shares his insight into workplace productivity and offers some tips for increasing it amongst your staff.
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Productivity is one of the most important qualities of a successful enterprise. A dedicated and motivated workforce that gets results is the dream of business owners everywhere, but how do you know you're doing everything you can to facilitate that kind of effort from your employees?
Increasing productivity isn't as simple as 'cracking the whip', as anyone who's ever had a bad manager can tell you. Burnout, resistance and a plummeting staff retention rates can be the result of poorly implemented productivity boosting techniques — the opposite of what you are trying to achieve.
So, below are just a few of the many ways you can positively impact workplace productivity in your business.
Provide the right environment
What the average worker can get done in a day generally depends on the conditions they have to work in. This means making sure each staff member has the tools they need to do their job, but also that they are comfortable while doing it.
Things like temperature, access to natural light, the speed of the office machinery, and other distractions can be enough to put people off their work and make them watch the clock instead.
Furthermore, employees should feel comfortable approaching their co-workers or their seniors with news of any issues or to ask them for help. They should also feel confident that they will receive positive reinforcement for jobs they've done well, encouraging them to try just as hard again on future projects.
Break down big projects
One big, looming deadline hanging over the heads of your staff can cause all sorts of problems, leading to stress, burnout, or simply giving up. It's better to turn big projects or problems into a series of smaller ones, setting more-manageable deadlines along the way.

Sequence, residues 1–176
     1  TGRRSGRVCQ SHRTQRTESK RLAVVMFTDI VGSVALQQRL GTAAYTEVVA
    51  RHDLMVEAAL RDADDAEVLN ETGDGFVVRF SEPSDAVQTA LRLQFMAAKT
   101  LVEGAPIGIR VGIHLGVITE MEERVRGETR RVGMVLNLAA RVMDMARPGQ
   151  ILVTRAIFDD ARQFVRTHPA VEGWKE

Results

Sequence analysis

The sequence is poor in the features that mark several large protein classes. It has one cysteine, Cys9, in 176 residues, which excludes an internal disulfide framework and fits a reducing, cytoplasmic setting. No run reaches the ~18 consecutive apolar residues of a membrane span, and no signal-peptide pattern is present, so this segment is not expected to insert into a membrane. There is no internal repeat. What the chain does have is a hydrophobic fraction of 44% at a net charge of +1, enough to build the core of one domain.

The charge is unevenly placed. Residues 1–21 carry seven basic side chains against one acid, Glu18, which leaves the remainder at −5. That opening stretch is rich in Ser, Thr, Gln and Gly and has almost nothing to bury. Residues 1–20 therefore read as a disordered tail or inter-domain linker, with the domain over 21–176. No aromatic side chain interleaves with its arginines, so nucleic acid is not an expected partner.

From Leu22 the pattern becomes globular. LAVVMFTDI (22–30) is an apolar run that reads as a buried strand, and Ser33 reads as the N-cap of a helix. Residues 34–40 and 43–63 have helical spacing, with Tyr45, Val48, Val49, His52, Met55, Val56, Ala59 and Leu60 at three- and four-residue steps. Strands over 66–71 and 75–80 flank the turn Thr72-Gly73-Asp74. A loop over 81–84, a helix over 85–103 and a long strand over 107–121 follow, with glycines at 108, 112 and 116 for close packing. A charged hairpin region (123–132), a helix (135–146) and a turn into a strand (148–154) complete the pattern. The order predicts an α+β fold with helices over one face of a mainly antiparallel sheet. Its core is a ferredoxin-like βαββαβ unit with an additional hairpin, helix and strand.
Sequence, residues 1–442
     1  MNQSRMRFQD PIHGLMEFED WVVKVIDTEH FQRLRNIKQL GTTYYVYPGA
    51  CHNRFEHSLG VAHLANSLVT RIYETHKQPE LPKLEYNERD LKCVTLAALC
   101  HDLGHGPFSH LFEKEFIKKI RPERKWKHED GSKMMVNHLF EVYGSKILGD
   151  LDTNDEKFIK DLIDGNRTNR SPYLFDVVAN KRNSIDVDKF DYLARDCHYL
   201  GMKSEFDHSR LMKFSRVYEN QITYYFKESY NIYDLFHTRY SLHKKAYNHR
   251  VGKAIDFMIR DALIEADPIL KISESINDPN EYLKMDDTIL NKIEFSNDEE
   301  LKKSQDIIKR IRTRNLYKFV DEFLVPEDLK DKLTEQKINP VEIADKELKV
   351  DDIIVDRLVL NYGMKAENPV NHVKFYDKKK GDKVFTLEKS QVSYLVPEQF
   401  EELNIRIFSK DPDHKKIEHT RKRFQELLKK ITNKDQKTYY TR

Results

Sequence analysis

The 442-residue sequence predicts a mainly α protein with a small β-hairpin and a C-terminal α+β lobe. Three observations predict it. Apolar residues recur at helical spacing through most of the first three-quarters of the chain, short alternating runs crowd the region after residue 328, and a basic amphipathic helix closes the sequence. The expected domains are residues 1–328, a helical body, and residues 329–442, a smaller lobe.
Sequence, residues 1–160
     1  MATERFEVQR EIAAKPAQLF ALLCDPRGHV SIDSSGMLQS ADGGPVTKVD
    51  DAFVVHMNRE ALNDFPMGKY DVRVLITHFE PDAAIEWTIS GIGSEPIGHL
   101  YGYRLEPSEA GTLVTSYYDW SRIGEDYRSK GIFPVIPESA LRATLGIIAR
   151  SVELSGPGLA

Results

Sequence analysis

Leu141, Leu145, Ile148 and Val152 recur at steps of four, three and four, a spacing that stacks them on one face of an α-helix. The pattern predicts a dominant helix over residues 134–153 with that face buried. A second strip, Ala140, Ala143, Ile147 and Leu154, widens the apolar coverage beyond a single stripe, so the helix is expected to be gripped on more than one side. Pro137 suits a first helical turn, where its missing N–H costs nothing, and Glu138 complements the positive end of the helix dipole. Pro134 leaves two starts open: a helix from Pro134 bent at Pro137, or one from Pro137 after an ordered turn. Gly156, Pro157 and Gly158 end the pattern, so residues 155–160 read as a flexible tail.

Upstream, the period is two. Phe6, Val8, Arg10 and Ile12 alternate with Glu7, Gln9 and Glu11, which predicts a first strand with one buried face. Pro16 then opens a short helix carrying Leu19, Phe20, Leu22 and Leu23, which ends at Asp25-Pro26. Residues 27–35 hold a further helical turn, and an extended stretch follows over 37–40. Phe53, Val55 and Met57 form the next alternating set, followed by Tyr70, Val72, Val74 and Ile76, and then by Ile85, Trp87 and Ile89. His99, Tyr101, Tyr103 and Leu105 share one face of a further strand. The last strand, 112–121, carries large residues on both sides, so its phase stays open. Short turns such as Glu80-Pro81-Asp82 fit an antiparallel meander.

During the planning stage, allow the team to highlight any areas where they feel they may need extra assistance, further training, or the input from others involved in the project. Setting deadlines this way also allows team members at all levels to be aware of the work going into a project from each person involved, giving everyone a better idea of the scope.
Create a culture of positive accountability
At the OddsMonkey offices, we strive towards a culture of positive accountability for the work our team are involved in and encourage them to take ownership of their appointed tasks. We've found that this does wonders for workplace productivity, as everyone feels responsible but not micromanaged.
Try organising projects and problems in ways that encourage everyone involved to do their bit by sharing regular updates, significant findings, and further developments, as well as any advice and tips that they might discover along the way.
Doing this on a team-wide basis means that everyone is kept in the loop and knows what’s happening in real time, but it also encourages individuals to keep on top of their work without too much pressure from management.
Contrary to the concept of being micromanaged, this system provides teams with a path to progress within a project that they can see and manage themselves.
It also encourages them to keep everyone else informed of any significant movement they have achieved within a time period, without the pressure of being ‘henpecked’ for tighter deadlines or having more work being piled on.
From there, they can simply take ownership of each task within the plan and provide updates each week, or when something they are proud has been achieved. This allows them to feel ‘in charge’ of the process but also supported enough to know that assistance is on hand should they require it.
Take collaborative approaches
In fast paced industries, there can be a tendency to push forward on multiple projects at the same time, which can become overwhelming very quickly — especially without the right measures in place to account for a team member's time.
A good system to have in place is one that doesn't emphasise multi-tasking and overtime, as these can lead to burnout. Instead, staff should be encouraged to prioritise, communicate, and collaborate on projects instead.
So, develop a system where staff can freely discuss their workloads and identify any opportunities for someone to lend a hand amongst themselves and without much managerial input.
For example, if one team member is overwhelmed but another has a relatively light to-do list that day, they can work out how best to approach the problem together. This takes some of the weight off without sacrificing an individual's accountability for their part of the project.
Focus on creating a culture of accountability so that your staff can take ownership of their projects, then set reasonable small deadlines and encourage communication throughout every stage of a project. These are just some of the ways that businesses can help increase productivity in the workplace.